RIVERSIDE: College official has links to Eritrea
The RCC vice president of academic affairs was born in the East African nation, serving in its government
Wolde-Ab Isaac, the newly named vice president of academic affairs for Riverside City College, is another link in RCC’s Eritrean connection.
Isaac was born in Eritrea, a small country in East Africa. It borders Sudan to the north, Ethiopia to the west, and tiny Djibouti to the south. His father was a clerk for the British occupying force in the 1940s. Eritrea had previously been an Italian colony.
Isaac finished first in his class in high school, winning a scholarship to Ethiopia’s Haile Selassie University where he studied chemistry. He won a Fulbright Scholarship to the University of Michigan in 1968-69. There he worked in pharmacology and earned a Ph.D.
Additional work and study took him to the University of Uppsala in Sweden and then on to the West African country of Nigeria.
Back in Eritrea, he served the government as secretary of human resources. He arranged Eritrean partnerships with universities in Sweden, Denmark, the Netherlands, and the United States.
The State University of New York, Berkeley, and Johns Hopkins Universities were all eager to assist Eritrea as it worked to improve its educational system. UCLA and the University of North Carolina joined the partnership with Eritrea later.
Salvatore Rotella served as president of Riverside Community College in the 1990s and today the large campus library is named in his honor. Rotella also grew up in Eritrea. His father worked for the fascist Italian government that controlled both Eritrea and Ethiopia in the late 1930s.
Rotella is the one who asked Isaac to come to RCC.
Rotella visited Eritrea in 1995 and visited the home where he grew up. In 1997, five RCC professors went to Eritrea and offered advice and many books for local schools and libraries.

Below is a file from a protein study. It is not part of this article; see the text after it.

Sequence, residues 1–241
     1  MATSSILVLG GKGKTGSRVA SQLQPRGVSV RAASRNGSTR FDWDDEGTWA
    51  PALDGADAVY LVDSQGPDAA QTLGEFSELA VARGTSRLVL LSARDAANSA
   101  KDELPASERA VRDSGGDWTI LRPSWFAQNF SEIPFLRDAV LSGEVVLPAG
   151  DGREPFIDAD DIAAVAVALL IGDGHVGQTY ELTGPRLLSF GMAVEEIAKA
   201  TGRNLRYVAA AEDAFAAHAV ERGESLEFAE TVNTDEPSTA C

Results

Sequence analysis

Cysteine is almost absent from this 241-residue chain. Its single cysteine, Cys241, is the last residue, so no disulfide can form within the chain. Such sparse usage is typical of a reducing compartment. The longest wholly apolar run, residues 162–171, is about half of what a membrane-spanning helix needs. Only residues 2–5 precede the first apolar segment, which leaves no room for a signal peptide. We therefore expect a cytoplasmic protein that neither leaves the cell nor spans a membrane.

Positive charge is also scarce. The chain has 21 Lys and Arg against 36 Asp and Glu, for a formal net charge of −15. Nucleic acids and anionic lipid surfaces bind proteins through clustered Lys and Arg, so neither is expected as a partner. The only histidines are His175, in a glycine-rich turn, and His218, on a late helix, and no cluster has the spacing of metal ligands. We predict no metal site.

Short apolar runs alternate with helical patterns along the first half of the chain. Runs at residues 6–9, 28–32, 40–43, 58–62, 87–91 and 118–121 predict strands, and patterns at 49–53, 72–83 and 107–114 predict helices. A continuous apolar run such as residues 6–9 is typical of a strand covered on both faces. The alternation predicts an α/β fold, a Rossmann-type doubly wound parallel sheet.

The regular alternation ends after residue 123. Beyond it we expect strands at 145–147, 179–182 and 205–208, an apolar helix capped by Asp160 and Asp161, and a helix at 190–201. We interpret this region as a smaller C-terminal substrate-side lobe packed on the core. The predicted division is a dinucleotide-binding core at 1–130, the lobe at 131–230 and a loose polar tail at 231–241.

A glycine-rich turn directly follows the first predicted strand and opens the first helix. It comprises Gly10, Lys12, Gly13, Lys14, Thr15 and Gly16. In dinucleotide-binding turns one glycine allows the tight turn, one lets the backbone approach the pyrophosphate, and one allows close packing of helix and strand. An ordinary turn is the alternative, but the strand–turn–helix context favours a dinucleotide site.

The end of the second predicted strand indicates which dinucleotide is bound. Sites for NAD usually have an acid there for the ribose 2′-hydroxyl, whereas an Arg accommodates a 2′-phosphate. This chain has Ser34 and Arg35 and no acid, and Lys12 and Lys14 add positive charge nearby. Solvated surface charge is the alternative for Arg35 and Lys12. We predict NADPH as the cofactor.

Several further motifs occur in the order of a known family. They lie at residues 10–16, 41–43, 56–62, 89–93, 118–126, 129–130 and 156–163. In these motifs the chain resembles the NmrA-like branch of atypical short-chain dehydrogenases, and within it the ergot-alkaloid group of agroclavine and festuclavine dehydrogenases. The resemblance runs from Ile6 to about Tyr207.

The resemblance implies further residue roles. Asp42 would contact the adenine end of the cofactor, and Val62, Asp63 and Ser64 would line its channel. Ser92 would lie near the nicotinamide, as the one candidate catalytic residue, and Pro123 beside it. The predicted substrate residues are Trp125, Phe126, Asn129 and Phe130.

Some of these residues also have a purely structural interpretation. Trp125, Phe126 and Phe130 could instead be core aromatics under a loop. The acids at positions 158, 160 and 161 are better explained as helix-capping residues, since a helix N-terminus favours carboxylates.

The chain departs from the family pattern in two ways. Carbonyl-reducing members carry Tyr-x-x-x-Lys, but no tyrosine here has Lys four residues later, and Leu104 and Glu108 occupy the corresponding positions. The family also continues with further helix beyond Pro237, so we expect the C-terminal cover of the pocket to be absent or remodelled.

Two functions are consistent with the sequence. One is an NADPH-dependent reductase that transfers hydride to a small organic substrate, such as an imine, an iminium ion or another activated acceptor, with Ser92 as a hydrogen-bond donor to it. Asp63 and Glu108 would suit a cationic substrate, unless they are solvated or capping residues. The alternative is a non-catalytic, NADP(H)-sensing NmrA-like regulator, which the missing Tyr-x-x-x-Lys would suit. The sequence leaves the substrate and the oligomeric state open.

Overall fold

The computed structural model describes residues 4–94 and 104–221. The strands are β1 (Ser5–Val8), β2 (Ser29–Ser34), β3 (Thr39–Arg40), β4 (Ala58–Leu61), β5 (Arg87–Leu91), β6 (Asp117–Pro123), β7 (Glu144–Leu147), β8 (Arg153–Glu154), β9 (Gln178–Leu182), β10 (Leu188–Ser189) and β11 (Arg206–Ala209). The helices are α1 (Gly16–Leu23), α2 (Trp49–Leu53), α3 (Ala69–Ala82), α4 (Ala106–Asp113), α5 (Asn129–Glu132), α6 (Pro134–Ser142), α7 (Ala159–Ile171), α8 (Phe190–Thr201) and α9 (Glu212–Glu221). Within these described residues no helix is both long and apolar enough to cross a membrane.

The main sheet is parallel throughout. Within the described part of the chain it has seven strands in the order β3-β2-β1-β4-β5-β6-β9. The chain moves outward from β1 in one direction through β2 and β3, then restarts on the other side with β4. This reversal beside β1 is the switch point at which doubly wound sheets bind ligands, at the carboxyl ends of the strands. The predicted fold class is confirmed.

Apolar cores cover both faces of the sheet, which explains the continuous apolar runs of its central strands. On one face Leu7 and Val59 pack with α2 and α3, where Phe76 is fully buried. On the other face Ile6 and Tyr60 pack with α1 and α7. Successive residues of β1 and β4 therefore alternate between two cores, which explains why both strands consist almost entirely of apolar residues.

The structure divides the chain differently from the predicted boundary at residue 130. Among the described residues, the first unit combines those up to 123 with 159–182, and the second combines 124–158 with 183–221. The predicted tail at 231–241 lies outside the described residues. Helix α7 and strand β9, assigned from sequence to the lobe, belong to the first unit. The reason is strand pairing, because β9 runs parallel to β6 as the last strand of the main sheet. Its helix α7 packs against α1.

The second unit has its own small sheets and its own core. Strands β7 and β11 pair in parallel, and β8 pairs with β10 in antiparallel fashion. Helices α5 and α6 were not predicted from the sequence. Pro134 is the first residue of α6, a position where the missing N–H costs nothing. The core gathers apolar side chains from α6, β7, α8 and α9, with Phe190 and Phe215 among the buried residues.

Isaac served as dean of health sciences at RCC’s Moreno Valley campus from 2006 to 2011. In his new post at the Riverside campus, he said he wants to increase academic standards. He seeks to secure grants for the college’s varied programs and he hopes to add to the school’s course offerings.
Isaac lives in Riverside with his wife and three children.
He seems more eager to talk about Eritrea than about himself. He stressed the unspoiled beauty of the land and the gorgeous, unspoiled coral found in the Red Sea. He and his family are from the mountains of Eritrea where donkeys and mules are used for transportation. In the lowland areas of Eritrea, camels are commonly used as beasts of burden.
The spirit of the Eritrean people is very strong, he reported. The 4 million people of Eritrea performed an amazing feat in fighting for 30 years to achieve their independence from the much larger Ethiopia in 1993.
He was sad in explaining that the U.S. and Eritrea have not always had good relations. The U.S. does, however, have an embassy in Asmara, the capital of Eritrea, and tourists are welcome.
Eritrea attracts many visitors from Europe and a few from America, he said.